One of the strengths of systematic reviews is that they aim to include all relevant evidence. However, study eligibility is often restricted to the English language for practical reasons. Google Translate, a free Web-based resource for translation, has recently become available. However, it is unclear whether its translation accuracy is sufficient for systematic reviews. An earlier pilot study provided some evidence that data extraction from translated articles may be adequate but varies by language. To address several limitations of the pilot study, four collaborating Evidence-based Practice Centers conducted a more rigorous analysis of translations of articles from five languages.
We included 10 randomized controlled trials in 5 languages (Chinese, French, German, Japanese, and Spanish). Eligible studies were trials that reported per-treatment group results data. Each article was translated into English using Google Translate. The time required to translate each study was tracked. The original language versions of the articles were double data extracted by fluent speakers and reconciled. Each English-translated article was extracted by two of eight researchers who did not speak the given language. These 8 researchers also each extracted 10 English-language trials to serve as a control. Data extracted included: eligibility criteria, study design features, outcomes reported, intervention and outcome descriptions, and results data for one continuous and/or one categorical outcome. We used a generalized linear mixed model to examine whether the probability of correctly extracting an item from a translated article is related to the language of original publication. The model used each extractor's accuracy in extracting the English language trials to control for reviewer effects.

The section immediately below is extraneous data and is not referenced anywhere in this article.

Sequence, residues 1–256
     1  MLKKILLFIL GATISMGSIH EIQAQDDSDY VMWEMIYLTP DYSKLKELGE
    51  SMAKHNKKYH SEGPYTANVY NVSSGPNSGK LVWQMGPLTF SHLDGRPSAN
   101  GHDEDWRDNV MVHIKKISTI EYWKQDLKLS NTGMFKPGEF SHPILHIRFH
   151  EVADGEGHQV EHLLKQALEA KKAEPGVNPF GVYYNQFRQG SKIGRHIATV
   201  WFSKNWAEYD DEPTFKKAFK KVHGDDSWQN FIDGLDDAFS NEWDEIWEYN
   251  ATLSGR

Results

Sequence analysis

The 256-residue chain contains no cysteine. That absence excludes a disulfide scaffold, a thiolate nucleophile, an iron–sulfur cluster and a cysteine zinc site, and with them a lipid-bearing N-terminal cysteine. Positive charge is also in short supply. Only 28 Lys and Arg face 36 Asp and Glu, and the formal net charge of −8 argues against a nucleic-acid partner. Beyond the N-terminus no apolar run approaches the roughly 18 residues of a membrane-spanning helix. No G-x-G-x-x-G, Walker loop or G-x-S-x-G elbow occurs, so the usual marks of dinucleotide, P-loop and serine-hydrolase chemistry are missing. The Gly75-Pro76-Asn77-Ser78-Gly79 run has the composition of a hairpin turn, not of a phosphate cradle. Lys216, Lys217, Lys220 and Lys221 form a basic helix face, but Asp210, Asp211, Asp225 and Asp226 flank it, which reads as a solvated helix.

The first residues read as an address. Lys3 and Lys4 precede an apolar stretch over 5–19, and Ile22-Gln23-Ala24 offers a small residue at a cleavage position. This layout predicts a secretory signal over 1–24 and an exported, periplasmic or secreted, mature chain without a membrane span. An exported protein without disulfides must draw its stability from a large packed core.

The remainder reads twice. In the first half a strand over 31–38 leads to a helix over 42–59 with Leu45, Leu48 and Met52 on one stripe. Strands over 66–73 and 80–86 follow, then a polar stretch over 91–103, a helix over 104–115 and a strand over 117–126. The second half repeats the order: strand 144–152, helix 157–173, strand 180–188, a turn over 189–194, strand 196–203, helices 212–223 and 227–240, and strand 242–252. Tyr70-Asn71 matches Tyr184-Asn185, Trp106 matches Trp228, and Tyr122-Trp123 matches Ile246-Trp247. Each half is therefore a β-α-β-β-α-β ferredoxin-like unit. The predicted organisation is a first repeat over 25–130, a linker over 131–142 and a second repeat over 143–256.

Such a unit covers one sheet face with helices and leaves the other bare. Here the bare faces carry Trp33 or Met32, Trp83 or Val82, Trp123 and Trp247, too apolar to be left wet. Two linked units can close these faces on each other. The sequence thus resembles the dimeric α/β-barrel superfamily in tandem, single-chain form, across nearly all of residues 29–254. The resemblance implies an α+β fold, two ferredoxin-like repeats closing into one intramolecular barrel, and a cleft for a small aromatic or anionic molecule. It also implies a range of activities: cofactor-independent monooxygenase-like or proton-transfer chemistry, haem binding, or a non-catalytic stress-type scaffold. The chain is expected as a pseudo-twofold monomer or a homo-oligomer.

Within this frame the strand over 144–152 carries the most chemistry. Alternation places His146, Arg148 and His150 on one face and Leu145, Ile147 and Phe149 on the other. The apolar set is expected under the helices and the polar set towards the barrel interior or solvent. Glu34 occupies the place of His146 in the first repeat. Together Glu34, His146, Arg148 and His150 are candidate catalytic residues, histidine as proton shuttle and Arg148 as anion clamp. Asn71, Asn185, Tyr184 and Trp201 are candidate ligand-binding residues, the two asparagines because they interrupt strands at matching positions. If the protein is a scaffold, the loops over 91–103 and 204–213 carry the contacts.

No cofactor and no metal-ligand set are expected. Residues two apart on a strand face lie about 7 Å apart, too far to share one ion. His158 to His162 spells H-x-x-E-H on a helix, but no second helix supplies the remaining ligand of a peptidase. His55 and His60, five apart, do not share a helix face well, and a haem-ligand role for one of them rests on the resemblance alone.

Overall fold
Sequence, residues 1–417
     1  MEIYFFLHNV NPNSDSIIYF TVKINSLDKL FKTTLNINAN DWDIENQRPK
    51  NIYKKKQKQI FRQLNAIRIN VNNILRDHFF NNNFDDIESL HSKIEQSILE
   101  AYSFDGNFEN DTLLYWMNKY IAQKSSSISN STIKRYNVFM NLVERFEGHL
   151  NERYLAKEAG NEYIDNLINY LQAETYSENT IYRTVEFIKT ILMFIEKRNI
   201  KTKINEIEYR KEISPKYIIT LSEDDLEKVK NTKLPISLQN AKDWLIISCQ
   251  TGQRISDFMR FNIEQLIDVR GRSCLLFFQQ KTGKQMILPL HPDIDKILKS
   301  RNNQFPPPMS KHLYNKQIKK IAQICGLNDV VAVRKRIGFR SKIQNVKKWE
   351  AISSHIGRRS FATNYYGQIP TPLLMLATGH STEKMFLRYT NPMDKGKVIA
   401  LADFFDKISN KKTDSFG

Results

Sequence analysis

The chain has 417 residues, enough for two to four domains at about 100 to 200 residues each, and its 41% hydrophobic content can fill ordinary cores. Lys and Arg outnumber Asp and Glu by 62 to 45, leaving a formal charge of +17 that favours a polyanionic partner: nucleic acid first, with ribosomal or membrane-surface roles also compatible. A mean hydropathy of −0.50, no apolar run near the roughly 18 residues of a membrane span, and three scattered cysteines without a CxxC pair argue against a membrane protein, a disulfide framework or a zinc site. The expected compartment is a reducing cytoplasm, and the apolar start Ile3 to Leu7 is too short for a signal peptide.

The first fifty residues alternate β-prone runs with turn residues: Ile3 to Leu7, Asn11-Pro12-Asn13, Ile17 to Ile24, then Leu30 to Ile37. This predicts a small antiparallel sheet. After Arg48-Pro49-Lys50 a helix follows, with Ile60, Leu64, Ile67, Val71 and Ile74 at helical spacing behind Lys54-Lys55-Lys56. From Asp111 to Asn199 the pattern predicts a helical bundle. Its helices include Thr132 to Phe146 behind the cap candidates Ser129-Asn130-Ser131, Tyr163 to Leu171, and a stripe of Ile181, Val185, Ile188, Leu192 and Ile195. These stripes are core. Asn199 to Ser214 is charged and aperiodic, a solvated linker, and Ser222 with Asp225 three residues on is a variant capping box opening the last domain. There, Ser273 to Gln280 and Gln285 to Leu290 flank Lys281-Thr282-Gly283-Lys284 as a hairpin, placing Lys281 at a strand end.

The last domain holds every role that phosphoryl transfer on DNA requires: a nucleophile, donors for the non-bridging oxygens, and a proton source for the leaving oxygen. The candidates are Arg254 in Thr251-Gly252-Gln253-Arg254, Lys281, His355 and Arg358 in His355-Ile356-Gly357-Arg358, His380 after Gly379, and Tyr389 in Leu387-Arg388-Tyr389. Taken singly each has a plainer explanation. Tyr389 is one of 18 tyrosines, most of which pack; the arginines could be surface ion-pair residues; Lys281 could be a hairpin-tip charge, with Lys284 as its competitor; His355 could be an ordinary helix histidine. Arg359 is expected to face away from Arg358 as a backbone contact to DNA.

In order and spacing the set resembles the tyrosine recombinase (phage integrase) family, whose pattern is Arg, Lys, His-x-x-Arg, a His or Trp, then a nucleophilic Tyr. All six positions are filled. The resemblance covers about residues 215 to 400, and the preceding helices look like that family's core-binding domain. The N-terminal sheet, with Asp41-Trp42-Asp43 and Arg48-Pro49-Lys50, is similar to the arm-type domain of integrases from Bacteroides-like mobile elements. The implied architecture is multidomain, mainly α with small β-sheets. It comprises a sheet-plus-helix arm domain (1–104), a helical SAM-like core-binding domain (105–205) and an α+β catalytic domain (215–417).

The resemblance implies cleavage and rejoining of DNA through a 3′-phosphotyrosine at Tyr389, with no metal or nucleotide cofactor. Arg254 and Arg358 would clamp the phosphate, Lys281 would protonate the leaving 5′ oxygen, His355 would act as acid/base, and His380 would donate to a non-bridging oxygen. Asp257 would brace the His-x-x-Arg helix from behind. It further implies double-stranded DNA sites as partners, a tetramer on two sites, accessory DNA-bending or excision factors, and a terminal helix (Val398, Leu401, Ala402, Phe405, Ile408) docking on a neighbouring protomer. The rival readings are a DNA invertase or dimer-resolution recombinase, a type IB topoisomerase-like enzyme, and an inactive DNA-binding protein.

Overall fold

The length of time required to translate articles ranged from 5 minutes to about 1 hour for almost all articles, with an average of about 30 minutes. Extractors estimated that most Spanish articles required less than 5 additional minutes to extract because of translation issues, but about two-thirds of other language articles required between 6 and 30 additional minutes for extraction. Analyses of the adjusted percentage of correct extractions across items and languages and of the adjusted odds ratio of correct extractions compared with English revealed that in general, across languages the likelihood of correct extractions was greater for study design and intervention domain items than for outcome descriptions and, particularly, study results. Translated Chinese articles yielded the highest percentage of items (22 percent) that were incorrectly extracted more than half the time (but also the largest percentage of items, 41 percent, that were extracted correctly more than 98 percent of the time. Relative to English, extractions of translated Spanish articles were most accurate compared with other translated languages.
Translation generally required few resources. Across all languages, data extraction from translated articles was less accurate than from English language articles, particularly and importantly for results data. Extraction was most accurate from translated Spanish articles and least accurate from translated Chinese articles. Use of Google Translate has the potential of being an approach to reduce language bias; however, reviewers may need to be more cautious about using data from these translated articles. There remains a tradeoff between completeness of systematic reviews (including all available studies) and risk of error (due to poor translation).